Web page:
What the Toll Tells

Author: James McQuiston
03/17/2006 | | | Album Review
Who would have thought that Two Gallants could have came up with anything nearly as impressive of their last album, "The Throes". It takes only a few minutes for the first track of "What The Toll Tells", "Las Cruces Jail" to single-handedly capture all of the developments made in rock the last fifty years and incorporate them into a six-minute track. The song ties together The White Stripes and Johnny Cash with the utmost ease, throws in some of the dance-punk of acts like The Rapture, and the band still has enough pure allure to infuse the track with their own sound. "Steady Rollin'" is a track that is immensely couched in the rock of the sixties and sixties; hints of Aerosmith and Cat Stevens come forth as salient to this track.

All of the songs on "What The Toll Tells" are immediately turned into sing-a-longs. After listening to the disc no more than one time, individuals are primed and ready to shout along all of the lyrics on the disc. "What The Toll Tells" takes a turn with "Some Slender Rest", the first foray by Two Gallants into the eight-minute plus track (something which they come back to on the second half of the album). Needless to say, "Some Slender Rest" is not quite as catchy as the other tracks; this is a purposive move by Two Gallants in the creation of a track that is more narrative than anything.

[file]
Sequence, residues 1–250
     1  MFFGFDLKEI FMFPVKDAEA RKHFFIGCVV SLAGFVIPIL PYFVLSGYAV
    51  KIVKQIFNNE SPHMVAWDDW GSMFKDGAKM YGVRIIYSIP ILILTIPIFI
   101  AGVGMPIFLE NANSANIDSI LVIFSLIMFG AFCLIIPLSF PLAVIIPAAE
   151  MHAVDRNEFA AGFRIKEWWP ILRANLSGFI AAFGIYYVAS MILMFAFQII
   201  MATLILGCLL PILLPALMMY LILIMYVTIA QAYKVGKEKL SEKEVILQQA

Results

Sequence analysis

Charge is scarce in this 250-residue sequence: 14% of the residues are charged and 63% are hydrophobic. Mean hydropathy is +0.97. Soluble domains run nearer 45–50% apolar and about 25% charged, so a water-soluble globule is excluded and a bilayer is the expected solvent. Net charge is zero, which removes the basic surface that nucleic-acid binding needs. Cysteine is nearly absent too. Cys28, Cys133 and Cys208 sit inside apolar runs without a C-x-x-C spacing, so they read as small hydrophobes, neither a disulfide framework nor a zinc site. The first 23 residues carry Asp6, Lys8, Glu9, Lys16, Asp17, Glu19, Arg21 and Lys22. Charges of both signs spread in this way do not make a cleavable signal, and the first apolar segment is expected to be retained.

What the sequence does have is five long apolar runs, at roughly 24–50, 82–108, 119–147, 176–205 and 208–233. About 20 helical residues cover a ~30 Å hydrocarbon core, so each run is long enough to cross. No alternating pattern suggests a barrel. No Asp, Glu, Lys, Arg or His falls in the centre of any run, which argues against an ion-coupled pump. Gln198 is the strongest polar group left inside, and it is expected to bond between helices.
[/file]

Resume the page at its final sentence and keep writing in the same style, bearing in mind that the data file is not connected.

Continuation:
Adam's vocals on the track are all encompassing, moving from a solemn style to something much more boisterous in just a short period of time. The band comes back to the catchy, rockin' style of music during "Long Summer Day". The structure is here, it is visible but it is so far removed from what is normally heard on a disc that individuals may errantly mark this track as structure-free. "16th St Dozens" is another of those tracks that challenge individual thoughts concerning structure, while moving quickly from that opening salvo of noise to something that is as meandering as an ancient stream. Two Gallants come forth with another album that is interesting as all get out, fun, impressive, and all-encompassing in its nine track length. Two Gallants are cut from similar cloth as acts like Vetiver and Devendra Banhart, but Two Gallants do not stop with their influences at 1930; everyone from the turn of the century on has influenced Two Gallants in a meaningful way. 8.5/10.
What the Toll Tells

What the Toll Tells

LP / CD / MP3